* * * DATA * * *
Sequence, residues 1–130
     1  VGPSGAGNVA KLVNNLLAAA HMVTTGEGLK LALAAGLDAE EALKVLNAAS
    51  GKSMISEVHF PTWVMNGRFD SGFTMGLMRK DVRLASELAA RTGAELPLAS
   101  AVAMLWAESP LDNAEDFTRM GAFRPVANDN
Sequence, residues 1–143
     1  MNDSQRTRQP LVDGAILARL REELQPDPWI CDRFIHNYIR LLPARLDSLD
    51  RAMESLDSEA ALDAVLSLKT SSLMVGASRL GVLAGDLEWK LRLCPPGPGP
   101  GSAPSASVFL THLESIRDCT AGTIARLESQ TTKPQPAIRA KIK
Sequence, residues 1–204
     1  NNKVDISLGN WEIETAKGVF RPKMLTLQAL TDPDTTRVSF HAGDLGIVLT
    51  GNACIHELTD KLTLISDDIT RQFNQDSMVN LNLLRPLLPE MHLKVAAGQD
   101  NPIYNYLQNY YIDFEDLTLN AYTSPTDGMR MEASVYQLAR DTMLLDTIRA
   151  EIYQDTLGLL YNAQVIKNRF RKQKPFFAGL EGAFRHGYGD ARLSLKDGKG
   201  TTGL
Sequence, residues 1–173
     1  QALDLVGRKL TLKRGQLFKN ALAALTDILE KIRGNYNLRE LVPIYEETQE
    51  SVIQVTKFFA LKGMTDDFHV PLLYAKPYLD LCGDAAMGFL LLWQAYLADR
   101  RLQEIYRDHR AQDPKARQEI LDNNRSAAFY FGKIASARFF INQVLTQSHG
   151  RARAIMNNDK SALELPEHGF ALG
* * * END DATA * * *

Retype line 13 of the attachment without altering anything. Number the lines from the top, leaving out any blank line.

   151  EIYQDTLGLL YNAQVIKNRF RKQKPFFAGL EGAFRHGYGD ARLSLKDGKG